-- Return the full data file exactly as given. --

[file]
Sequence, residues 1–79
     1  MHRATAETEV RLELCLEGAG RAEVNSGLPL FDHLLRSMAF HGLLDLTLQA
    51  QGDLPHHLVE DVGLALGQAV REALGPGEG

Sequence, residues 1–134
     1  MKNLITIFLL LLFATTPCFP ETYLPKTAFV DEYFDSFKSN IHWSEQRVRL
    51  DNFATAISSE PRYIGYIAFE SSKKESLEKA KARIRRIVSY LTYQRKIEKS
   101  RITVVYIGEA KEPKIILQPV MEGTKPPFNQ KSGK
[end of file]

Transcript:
Sequence, residues 1–79
     1  MHRATAETEV RLELCLEGAG RAEVNSGLPL FDHLLRSMAF HGLLDLTLQA
    51  QGDLPHHLVE DVGLALGQAV REALGPGEG

Sequence, residues 1–134
     1  MKNLITIFLL LLFATTPCFP ETYLPKTAFV DEYFDSFKSN IHWSEQRVRL
    51  DNFATAISSE PRYIGYIAFE SSKKESLEKA KARIRRIVSY LTYQRKIEKS
   101  RITVVYIGEA KEPKIILQPV MEGTKPPFNQ KSGK